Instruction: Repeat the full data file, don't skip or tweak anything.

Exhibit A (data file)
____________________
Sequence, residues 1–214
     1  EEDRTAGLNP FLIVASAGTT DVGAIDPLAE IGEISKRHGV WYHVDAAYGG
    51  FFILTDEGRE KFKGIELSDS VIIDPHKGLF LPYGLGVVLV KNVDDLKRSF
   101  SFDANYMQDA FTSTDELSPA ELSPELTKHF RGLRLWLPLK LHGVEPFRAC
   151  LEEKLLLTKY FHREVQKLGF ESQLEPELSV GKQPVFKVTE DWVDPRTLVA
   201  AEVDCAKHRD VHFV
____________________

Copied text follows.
Sequence, residues 1–214
     1  EEDRTAGLNP FLIVASAGTT DVGAIDPLAE IGEISKRHGV WYHVDAAYGG
    51  FFILTDEGRE KFKGIELSDS VIIDPHKGLF LPYGLGVVLV KNVDDLKRSF
   101  SFDANYMQDA FTSTDELSPA ELSPELTKHF RGLRLWLPLK LHGVEPFRAC
   151  LEEKLLLTKY FHREVQKLGF ESQLEPELSV GKQPVFKVTE DWVDPRTLVA
   201  AEVDCAKHRD VHFV